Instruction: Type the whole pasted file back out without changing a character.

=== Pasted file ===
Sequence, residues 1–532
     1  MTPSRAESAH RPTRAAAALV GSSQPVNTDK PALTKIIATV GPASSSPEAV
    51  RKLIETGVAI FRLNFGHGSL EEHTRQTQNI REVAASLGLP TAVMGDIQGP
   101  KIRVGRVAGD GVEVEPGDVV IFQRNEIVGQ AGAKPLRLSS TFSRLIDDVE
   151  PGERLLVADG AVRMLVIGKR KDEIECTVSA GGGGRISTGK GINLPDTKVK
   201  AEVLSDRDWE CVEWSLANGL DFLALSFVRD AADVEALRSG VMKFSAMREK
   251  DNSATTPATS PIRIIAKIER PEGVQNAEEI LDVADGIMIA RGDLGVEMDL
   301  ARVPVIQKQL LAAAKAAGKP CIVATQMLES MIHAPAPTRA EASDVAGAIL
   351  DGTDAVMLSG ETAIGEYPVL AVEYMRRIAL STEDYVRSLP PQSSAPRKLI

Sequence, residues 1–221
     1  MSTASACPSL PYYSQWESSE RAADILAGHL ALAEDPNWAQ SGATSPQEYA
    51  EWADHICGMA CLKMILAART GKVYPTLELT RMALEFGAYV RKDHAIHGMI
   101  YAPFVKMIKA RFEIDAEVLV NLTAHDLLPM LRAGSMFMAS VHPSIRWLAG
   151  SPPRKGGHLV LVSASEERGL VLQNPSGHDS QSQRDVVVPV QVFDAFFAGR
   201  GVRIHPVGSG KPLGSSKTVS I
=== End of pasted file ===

Sequence, residues 1–532
     1  MTPSRAESAH RPTRAAAALV GSSQPVNTDK PALTKIIATV GPASSSPEAV
    51  RKLIETGVAI FRLNFGHGSL EEHTRQTQNI REVAASLGLP TAVMGDIQGP
   101  KIRVGRVAGD GVEVEPGDVV IFQRNEIVGQ AGAKPLRLSS TFSRLIDDVE
   151  PGERLLVADG AVRMLVIGKR KDEIECTVSA GGGGRISTGK GINLPDTKVK
   201  AEVLSDRDWE CVEWSLANGL DFLALSFVRD AADVEALRSG VMKFSAMREK
   251  DNSATTPATS PIRIIAKIER PEGVQNAEEI LDVADGIMIA RGDLGVEMDL
   301  ARVPVIQKQL LAAAKAAGKP CIVATQMLES MIHAPAPTRA EASDVAGAIL
   351  DGTDAVMLSG ETAIGEYPVL AVEYMRRIAL STEDYVRSLP PQSSAPRKLI

Sequence, residues 1–221
     1  MSTASACPSL PYYSQWESSE RAADILAGHL ALAEDPNWAQ SGATSPQEYA
    51  EWADHICGMA CLKMILAART GKVYPTLELT RMALEFGAYV RKDHAIHGMI
   101  YAPFVKMIKA RFEIDAEVLV NLTAHDLLPM LRAGSMFMAS VHPSIRWLAG
   151  SPPRKGGHLV LVSASEERGL VLQNPSGHDS QSQRDVVVPV QVFDAFFAGR
   201  GVRIHPVGSG KPLGSSKTVS I